Mike Bloomberg Thinks He's Smart Enough to Run Our Lives

 Mike Bloomberg speaks to the media, Tuesday, Nov. 26, 2019 in Phoenix. Billionaire Michael Bloomberg, a late entrant in the already crowded race for the Democratic presidential nomination, was set Tuesday to file to run in Arizona's presidential primary. (AP Photo/Rick Scuteri)

The biggest problem for the left is that they see Logan’s Run and Lola not as entertainment but forward thinking social planning.

Bloomberg Said U.S. Should Deny Treatment To Old People With Chronic Disease

by Patricia Barnes | February 17, 2020 | 3:12 PM EST

If Democratic Presidential candidate Mike Bloomberg was 95 years old and had prostate cancer, he could afford advanced and extreme medical care to improve and extend his life.

But if a 95-year-old non-billionaire has prostate cancer that requires medical treatment using taxpayer dollars, Bloomberg said in 2011 that he should be denied treatment.

“If you show up with prostate cancer and you’re 95, we should say ‘go and enjoy, have a nice day, live a long life.’ There’s no cure and we can’t do anything. If you’re a young person, we should do something about it,” said Bloomberg, a former New York City mayor.

Bloomberg warned that society was not yet willing to make hard choices with respect to treating older Americans and this is “going to bankrupt us.”

Bloomberg’s 2011 statement surfaced as he released a proposed health care plan to improve retirees’ lives, from giving low-income workers access to government-provided retirement savings plans to bolstering Social Security. Bloomberg said he would limit out-of-pocket drug costs and provide federal coverage for long-term care costs.

There’s more at the original.

Why 95? The logic that Mr Bloomberg employed would be just as valid were the age set at 85, or even 75.¹ His logic is still subject to a judgement call, a decision as to at what age to set the treatment cut-off line.

The article author, Patricia Barnes, also noted that there are other conditions which lead to higher health care costs, specifically mentioning obesity. Well, that’s something that Mayor Bloomberg did think was the government’s business, as he proposed, and got passed, a New York City ordinance banning the sale of ‘sugary drinks’ larger than 16 ounces. It took a couple years of litigation to get this busybody rule overturned by the courts, costing the city and opponents many, many thousands of dollars in legal fees, all because “Mini Mike” thought that his judgement was not only better than everybody else’s, but that his judgement should have the force of law to override the individual’s personal choices.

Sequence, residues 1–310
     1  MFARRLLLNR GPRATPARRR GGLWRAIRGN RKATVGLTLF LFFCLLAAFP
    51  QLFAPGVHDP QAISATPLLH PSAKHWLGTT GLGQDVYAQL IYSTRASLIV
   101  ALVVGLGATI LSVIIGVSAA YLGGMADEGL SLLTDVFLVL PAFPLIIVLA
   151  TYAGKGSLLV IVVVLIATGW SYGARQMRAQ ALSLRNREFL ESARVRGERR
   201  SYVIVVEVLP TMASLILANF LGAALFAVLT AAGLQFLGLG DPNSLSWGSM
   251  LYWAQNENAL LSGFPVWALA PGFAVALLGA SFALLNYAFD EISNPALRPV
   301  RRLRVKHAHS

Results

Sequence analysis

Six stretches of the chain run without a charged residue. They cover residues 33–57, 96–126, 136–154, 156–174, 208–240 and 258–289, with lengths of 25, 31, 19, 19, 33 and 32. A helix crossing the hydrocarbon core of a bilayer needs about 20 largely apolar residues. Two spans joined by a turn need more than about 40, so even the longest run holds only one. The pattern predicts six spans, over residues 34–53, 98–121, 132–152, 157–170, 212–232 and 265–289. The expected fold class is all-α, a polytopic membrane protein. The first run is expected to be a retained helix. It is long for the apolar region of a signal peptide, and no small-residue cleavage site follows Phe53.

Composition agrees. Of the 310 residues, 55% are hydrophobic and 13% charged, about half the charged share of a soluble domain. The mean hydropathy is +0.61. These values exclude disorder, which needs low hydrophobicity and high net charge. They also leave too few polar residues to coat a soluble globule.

Given that Mr Bloomberg thinks that the plebeians just ain’t smart enough, I suppose that his notion that his judgement is better is unsurprising:

Bloomberg once suggested farming, factory work don’t require much ‘gray matter’

By Mark Moore | February 17, 2020 | 10:46am | Updated

Democratic presidential candidate and billionaire media mogul Michael Bloomberg suggested during a 2016 talk that farming and factory work require less “gray matter” than modern technology jobs.

“I could teach anybody, even people in this room, no offense intended, to be a farmer,” Bloomberg told the audience at the Distinguished Speakers Series at the University of Oxford Saïd Business School. “It’s a process. You dig a hole, you put a seed in, you put dirt on top, add water, up comes the corn.”

Uhhh, Mr Mayor, it isn’t quite that simple. But, with your superior intellect, I wouldn’t have thought anyone would need to tell you that.

The former three-term New York City mayor also addressed workers’ skills during the Industrial Revolution.

“You put the piece of metal on the lathe, you turn the crank in the direction of the arrow and you can have a job. And we created a lot of jobs. At one point, 98 percent of the world worked in agriculture, now it’s 2 percent in the United States,” Bloomberg said.